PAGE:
She also explained that commitment to the process is important. “We must be committed to the process. This isn’t just training, checking a box, and moving on. This is not how it works. That won’t get us to cultural realignment. It’s a journey.”
But, what will be on the other side will be beautiful, she said.
Hardy has a full docket of work ahead of her. Around her has formed a diversity/equity/inclusion work group consisting of Library Director Kristin Shelley, Fire Chief Randall Talifarro, Human Resources Director Shelli Neumann, Assistant to the City Manager Nicole Bartell, and Court Administrator Nicole Evans.
Hardy is excited about the work group, emphasizing that she hopes it will grow and add perspectives.
The group hopes to hear from the entire workforce to create “an open government where people are free to bring [their] whole self to work and don’t have to feel marginalized by identities outside of work.”
The group will also examine all policies, considering how the City recruits, hires, trains, and retains its employees. Hardy stated she is not shy about starting over and building new frameworks.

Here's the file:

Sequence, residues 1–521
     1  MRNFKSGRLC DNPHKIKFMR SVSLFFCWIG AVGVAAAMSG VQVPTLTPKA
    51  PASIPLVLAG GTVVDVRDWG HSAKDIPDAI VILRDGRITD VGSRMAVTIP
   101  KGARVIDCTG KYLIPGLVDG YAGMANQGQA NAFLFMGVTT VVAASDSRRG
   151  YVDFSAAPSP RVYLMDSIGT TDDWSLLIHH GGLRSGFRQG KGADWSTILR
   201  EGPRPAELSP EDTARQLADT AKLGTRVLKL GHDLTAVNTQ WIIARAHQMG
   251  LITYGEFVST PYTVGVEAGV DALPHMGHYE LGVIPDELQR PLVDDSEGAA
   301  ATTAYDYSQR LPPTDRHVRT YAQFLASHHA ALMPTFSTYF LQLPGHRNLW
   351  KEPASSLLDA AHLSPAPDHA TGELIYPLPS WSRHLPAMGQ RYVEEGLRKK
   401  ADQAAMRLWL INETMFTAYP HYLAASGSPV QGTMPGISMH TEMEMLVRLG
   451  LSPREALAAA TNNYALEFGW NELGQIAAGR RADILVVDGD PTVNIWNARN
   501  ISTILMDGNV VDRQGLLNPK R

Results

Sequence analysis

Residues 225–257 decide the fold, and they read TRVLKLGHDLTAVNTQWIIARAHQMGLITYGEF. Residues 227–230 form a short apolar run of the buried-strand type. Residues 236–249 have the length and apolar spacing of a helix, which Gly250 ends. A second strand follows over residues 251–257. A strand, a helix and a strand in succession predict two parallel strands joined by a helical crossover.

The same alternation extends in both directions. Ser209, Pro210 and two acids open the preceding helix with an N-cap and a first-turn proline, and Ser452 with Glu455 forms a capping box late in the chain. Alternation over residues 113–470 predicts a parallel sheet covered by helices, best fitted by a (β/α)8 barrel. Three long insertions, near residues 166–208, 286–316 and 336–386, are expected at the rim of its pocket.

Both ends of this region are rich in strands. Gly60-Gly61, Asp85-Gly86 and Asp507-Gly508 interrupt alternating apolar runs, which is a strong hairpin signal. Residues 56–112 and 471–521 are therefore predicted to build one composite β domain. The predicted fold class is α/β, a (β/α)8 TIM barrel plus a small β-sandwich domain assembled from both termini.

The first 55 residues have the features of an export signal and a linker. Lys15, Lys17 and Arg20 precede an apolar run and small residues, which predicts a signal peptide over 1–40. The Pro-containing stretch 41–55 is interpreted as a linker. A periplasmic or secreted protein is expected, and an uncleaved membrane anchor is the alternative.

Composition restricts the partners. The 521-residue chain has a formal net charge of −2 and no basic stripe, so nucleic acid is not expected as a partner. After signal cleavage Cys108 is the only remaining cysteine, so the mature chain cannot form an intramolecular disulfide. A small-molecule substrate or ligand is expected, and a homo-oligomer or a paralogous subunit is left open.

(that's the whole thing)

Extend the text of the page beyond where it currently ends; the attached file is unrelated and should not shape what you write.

She is currently working on vetting organizations to provide meaningful training to the City of East Lansing’s employees. In addition, she is putting together a primer to make sure employees have a shared vocabulary for discussing issues of diversity and inclusion.
When asked what she would do if an employee came forward with a bias concern but wished to report it without their name, Hardy said she would work as an advocate. She is not in the HR field, but she believes it is important to fight for those who are suffering injustice.
Does she feel empowered criticize the city administration?
Absolutely, she said. Since she views this as her life’s work and not a job, she does not see a point in taking on the position to not speak up. She believes she was hired to speak out.
“Otherwise, the position is unnecessary.”